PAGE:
Emotions run high when a loved one dies and, in the midst of their grief, family members may be less likely to compromise about things, like the decedent’s funeral arrangements. Thus, it may be necessary for someone to exert control over such matters. Typically, the executor named in the decedent’s will has authority to make funeral decisions, unless the decedent made other provisions.
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Often, all family members participate in funeral planning when a loved one dies, but it can be difficult for everyone to agree on certain arrangements. If the decedent did not make plans for his funeral before he died, the ultimate responsibility to make these decisions falls on his executor or personal representative. This is the person named in the decedent’s will to administer his estate, which includes paying his debts and distributing his assets to beneficiaries named in his will. If the executor named in the will declines to serve as representative, the probate court will appoint an alternate instead.
An executor does not necessarily take on financial responsibility for the decedent’s funeral arrangements. When he acts in his capacity as executor, he is making financial decisions for the decedent’s estate, and the decedent’s funeral arrangements become a debt of the estate. Thus, the executor’s decision may be guided in part by cost and what he feels the estate can afford. For example, if the executor estimates the decedent’s estate only has a few thousand dollars in assets, he may have to make less expensive arrangements than he would otherwise prefer. Executors are not required to pay the decedent’s funeral expenses out of their personal funds.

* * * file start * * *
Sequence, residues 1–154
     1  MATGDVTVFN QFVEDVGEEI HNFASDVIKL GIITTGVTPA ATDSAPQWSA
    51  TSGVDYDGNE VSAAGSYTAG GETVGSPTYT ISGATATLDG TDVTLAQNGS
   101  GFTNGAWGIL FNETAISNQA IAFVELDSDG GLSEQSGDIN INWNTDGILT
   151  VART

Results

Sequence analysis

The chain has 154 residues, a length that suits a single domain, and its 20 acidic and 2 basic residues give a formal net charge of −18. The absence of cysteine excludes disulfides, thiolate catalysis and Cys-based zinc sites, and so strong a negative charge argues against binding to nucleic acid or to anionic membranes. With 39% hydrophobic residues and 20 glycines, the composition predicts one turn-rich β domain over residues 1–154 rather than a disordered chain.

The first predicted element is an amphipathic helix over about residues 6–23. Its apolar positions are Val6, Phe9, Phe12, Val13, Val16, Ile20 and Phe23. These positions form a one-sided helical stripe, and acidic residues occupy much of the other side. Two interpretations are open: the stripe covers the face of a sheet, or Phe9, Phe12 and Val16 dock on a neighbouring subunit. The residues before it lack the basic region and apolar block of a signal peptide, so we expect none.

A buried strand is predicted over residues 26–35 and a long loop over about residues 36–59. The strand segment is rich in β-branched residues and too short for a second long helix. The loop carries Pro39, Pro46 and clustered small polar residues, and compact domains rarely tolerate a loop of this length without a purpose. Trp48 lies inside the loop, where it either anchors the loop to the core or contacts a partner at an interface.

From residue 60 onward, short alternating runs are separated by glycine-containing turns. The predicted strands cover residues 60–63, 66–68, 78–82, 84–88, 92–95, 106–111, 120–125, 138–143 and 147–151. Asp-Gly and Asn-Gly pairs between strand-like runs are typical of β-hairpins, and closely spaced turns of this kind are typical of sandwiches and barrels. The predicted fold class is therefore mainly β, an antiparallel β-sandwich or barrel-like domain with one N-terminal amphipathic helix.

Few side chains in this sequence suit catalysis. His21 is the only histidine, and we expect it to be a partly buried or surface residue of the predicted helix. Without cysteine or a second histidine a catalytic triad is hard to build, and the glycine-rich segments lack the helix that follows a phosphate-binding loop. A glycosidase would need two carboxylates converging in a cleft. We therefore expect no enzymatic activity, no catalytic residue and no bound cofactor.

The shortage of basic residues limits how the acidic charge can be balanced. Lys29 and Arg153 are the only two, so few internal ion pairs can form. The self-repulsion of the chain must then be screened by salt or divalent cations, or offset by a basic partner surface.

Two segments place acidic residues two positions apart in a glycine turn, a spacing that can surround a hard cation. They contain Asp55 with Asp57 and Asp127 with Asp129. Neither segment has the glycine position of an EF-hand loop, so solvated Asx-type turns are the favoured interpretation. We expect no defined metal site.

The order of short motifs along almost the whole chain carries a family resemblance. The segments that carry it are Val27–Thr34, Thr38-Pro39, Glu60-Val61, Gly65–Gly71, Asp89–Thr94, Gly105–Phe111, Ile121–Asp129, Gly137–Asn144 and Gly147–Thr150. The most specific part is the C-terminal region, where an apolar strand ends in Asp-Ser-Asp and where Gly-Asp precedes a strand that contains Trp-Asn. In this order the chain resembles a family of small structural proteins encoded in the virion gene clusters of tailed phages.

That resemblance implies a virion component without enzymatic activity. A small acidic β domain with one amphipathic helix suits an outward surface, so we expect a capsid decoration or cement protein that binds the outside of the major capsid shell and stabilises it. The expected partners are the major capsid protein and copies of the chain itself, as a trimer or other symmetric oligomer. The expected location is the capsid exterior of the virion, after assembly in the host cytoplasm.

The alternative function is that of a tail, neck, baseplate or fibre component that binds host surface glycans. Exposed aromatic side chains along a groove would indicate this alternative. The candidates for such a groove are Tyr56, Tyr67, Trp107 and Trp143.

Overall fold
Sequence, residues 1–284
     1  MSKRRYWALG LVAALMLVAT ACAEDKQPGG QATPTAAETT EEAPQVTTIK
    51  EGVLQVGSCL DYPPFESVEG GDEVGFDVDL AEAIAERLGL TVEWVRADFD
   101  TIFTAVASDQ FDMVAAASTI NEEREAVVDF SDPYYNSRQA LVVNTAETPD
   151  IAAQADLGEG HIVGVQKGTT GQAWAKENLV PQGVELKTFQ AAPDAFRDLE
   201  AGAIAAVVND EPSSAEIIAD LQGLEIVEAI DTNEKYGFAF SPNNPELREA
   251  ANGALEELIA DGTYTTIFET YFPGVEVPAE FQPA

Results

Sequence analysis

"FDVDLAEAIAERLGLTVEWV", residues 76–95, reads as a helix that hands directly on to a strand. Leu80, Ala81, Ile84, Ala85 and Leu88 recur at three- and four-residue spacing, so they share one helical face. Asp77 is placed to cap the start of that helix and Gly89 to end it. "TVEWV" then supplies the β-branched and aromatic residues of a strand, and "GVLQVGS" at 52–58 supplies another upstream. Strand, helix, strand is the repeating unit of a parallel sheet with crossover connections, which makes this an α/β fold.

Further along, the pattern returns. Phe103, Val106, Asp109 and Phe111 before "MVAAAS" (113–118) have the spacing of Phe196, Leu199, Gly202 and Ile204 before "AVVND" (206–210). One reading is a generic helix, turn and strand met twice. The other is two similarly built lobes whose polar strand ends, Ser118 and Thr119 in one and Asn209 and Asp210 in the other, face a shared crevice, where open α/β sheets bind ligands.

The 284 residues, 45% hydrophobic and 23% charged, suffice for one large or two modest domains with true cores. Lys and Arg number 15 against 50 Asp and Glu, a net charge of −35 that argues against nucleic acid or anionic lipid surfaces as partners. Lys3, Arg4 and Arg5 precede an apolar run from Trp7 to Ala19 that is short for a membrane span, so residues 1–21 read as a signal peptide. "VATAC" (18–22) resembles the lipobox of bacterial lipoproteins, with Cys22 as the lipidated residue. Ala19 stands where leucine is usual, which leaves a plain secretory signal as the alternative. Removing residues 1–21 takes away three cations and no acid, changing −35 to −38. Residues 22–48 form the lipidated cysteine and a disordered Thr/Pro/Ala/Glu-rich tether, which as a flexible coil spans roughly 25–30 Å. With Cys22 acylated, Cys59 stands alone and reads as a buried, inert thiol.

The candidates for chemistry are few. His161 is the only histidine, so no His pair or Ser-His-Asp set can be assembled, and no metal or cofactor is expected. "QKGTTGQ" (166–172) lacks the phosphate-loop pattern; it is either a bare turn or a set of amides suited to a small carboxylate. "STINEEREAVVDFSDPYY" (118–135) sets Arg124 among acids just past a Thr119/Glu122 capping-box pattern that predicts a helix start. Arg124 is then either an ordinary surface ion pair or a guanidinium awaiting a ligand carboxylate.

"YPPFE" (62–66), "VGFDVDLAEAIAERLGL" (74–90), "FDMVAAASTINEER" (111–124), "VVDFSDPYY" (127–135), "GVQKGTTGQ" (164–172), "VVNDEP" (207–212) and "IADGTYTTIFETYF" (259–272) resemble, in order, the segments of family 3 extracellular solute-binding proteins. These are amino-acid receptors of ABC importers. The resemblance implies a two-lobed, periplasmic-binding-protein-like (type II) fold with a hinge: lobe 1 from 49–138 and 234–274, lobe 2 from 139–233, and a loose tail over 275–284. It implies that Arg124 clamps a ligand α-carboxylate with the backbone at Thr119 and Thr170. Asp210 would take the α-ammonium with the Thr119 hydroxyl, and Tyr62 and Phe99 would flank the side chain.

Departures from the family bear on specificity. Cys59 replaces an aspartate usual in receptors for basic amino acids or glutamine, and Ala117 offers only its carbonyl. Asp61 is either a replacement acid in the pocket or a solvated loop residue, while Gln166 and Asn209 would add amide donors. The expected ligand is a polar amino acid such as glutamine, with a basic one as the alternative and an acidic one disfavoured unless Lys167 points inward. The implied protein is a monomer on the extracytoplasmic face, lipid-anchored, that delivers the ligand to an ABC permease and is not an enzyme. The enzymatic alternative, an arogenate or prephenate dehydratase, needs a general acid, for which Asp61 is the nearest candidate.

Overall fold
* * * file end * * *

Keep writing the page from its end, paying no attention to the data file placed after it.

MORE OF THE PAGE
Many states allow their residents to designate an agent whose only responsibility is to control the disposition of their remains. This can be the same person as the executor. This type of designation is particularly useful if someone wants to name one person as executor, to manage the financial aspects of the death, but wants another person to handle the funeral arrangements. For example, a family friend could be named as executor and a close sibling could be designated as the agent to handle the funeral arrangements. Some states, like Idaho, permit their residents to include such agent designations in their health care powers of attorney.
Many states also allow their residents to detail burial wishes in their designated agent documents or personal wills. These details are often binding and cannot be changed by relatives, executor or designated agent. For example, Connecticut law allows residents to create their own legally binding declaration, with or without appointing an agent to carry out those directions. Funeral directions can be very detailed, for example, by including a list of songs to be played at the funeral service, or more general, such as whether the decedent wishes to be cremated.